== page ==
Jul 13, 2016 | By Benedict

Researchers at Oak Ridge National Laboratory have predicted that atomic-scale 3D printing techniques could be used to create stronger, lighter, and smarter materials. Focused electron- and ion-based methods could be used to develop quantum computers, efficient solar cells, and other technology.

In a paper published in the journal ACS Nano, ORNL researchers have reviewed several methods of atomic-scale 3D nanofabrication, suggesting ways in which the processes could be refined in order to perfect the art of creating material at the atomic scale. While traditional 3D printers deal with shapes divided into layers which are then turned into physical objects, the process known as “directed matter” involves fabricating structures atom by atom. Scientists believe that this form of additive manufacturing could allow manufacturers of the future to create near-perfect materials with incredibly precise structures. “Being able to assemble matter atom by atom in 3D will enable us to design materials that are stronger and lighter, more robust in extreme environments, and [which] provide economical solutions for energy, chemistry and informatics,” said Olga Ovchinnikova, one of the paper’s authors.

While traditional fabrication techniques have served mankind well for millennia, and while more recent additive manufacturing techniques have provided scientists with an incredibly efficient and precise means of creating materials, the ORNL researchers believe that the directed matter approach will usher in a new dawn of materials and technology fabrication. Importantly, they believe the improvements provided by this technology will be more significant than any previous paradigm shift: “For the vast majority of recorded history, material transformation was limited to objects visible to the naked eye and patterned using hand-held tools,” the researchers wrote. “We can admire the prowess of the rice grain writing, or fine engraving on a prized sword blade, but only two to three orders of magnitude separate these masterpieces from Stone Age technology.”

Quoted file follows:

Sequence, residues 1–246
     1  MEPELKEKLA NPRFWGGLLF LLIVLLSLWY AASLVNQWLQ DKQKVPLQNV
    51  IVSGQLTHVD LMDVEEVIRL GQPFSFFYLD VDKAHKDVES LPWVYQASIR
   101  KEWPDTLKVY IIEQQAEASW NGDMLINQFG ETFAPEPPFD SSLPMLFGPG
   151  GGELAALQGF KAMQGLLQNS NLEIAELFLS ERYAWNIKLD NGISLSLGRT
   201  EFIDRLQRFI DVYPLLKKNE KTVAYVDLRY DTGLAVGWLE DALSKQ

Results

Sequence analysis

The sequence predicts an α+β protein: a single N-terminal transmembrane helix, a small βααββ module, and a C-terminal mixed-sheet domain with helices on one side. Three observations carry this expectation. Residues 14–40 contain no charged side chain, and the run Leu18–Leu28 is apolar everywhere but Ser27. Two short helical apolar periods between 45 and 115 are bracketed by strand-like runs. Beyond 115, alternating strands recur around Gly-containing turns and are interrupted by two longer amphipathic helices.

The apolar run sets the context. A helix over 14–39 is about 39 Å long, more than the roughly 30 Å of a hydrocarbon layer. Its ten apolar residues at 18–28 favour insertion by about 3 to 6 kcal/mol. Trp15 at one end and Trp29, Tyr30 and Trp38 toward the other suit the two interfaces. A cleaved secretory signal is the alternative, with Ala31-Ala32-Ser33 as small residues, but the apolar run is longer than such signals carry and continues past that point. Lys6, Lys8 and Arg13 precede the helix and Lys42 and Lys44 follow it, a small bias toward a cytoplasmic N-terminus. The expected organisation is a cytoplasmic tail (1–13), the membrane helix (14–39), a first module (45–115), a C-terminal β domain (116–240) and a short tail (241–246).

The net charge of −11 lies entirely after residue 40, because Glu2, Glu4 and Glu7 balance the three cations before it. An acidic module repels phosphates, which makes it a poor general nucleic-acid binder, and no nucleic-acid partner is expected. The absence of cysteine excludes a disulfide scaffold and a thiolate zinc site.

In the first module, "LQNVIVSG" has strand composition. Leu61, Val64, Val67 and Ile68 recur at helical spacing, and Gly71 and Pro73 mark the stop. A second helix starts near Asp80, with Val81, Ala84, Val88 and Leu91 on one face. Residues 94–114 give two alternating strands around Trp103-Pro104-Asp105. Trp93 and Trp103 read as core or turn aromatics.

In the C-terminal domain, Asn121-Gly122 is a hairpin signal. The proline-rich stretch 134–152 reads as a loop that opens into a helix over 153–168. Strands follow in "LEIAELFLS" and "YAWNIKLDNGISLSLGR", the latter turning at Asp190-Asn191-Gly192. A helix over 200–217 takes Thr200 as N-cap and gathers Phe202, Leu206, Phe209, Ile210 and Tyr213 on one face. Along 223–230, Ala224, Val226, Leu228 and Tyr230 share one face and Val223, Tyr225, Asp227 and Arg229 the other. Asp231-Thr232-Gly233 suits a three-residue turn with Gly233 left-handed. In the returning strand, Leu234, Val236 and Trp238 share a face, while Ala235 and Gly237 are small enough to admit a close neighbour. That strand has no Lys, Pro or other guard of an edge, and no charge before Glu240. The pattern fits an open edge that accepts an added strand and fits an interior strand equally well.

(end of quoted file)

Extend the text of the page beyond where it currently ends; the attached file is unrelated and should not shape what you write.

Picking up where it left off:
By directing matter with atomic precision, scientists could create quantum computers, more efficient and powerful cell phones, better solar cells, and stronger and cheaper materials. And while the “full control of atomic arrangement and bonding in three dimensions” has not yet been mastered, the researchers believe that—however and wherever it ends up evolving—the technology will form an integral part of future technologies: “It’s actually difficult to predict where this could go and how this technology could change our lives, but we intend to find out,” Ovchinnikova said.

3D structure created in a microscope: structure (left) and simulation (right)

A transmission electron microscope (Image: Tecnai)

Unusually for such a futuristic technology, much of the directed matter concept depends upon older apparatus developed for other uses, and builds upon decades of scientific research. The 1930s-era transmission electron microscope, for example, has enabled single-atom imaging, chemical strain imaging, and picometer-level structural mapping. By using such instruments, scientists are able to fabricate new materials with sub-10-nanometer feature resolution. “This interaction, combined with imaging of electron (and recently ion) microscopy can be used as a basis for a next generation of nanofabrication tools,” said  Stephen Jesse, lead author on the paper.

The paper, which explains several methods of atomic 3D fabrication and assesses their constraints, is titled “Directing Matter: Toward Atomic-Scale 3D Nanofabrication.” Its authors were Jesse, Albina Y. Borisevich, Jason D. Fowlkes, Andrew R. Lupin, Philip D. Rack, Raymond R. Unocic, Bobby G. Sumpter, Sergei V. Kalinin, Alex Belianinov, and Ovchinnikova.



Posted in 3D Printing Technology



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